In doing some research this week, I came across this quote that I’d forgotten about. It’s from John Holdren, Harvard energy expert and climate adviser to Barack Obama. Back in 2007, at the launch of the fourth IPCC report, he said this about climate change:
“We basically have three choices: mitigation, adaptation and suffering. We’re going to do some of each. The question is what the mix is going to be. The more mitigation we do, the less adaptation will be required and the less suffering there will be.”
It’s a striking statement because it names what so often goes unspoken – the fact of climate suffering. That includes natural disasters such as the wildfires California is currently experiencing, or the drought in Australia, or floods across Somalia, Cameroun and Nigeria.
It will involve displacement or loss of ancestral homelands – as a low lying coral atoll nation, the Marshall Islands recently declared a national climate crisis. It may involve new diseases. A recent study suggests that climate change will widen the area exposed to the Ebola virus. It could be loss of cultural traditions, such as the growing risks to the Hajj.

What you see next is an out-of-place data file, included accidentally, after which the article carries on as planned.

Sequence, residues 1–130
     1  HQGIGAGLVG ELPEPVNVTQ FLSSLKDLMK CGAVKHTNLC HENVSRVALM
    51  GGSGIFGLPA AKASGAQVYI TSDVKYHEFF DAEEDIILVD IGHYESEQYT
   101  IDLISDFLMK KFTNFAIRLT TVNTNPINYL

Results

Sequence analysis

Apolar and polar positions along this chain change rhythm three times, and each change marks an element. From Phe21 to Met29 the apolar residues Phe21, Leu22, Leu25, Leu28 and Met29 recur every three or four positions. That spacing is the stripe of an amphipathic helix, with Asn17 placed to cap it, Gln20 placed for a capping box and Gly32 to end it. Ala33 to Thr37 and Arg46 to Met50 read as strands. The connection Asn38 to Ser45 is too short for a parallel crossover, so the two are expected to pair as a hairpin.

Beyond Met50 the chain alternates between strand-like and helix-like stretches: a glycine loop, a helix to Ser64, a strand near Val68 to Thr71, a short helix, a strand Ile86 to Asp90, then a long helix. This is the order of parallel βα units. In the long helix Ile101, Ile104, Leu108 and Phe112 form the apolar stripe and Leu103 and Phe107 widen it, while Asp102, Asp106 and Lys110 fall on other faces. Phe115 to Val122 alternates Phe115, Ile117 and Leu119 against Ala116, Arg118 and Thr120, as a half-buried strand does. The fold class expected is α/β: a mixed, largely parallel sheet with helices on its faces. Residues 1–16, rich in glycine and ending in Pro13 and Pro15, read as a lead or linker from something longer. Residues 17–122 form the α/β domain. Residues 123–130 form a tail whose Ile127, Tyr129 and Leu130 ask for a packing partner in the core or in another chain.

It includes animal suffering, such as the elephants starving to death in drought-struck national parks in Zimbabwe.
And here’s an important factor that can be easily glossed over when Holdren says ‘we’ are going to do some of each. Some parts of the world are better prepared than others. Some have more resources to adapt, to protect themselves, and to rebuild afterwards. The suffering will not be evenly distributed, and the choices that we make affect others.
When the richest nations of the world fail to mitigate their carbon emissions, it is the poorest that suffer first. That’s the essence of climate justice, and one of several reasons why reducing emissions matters in developed countries.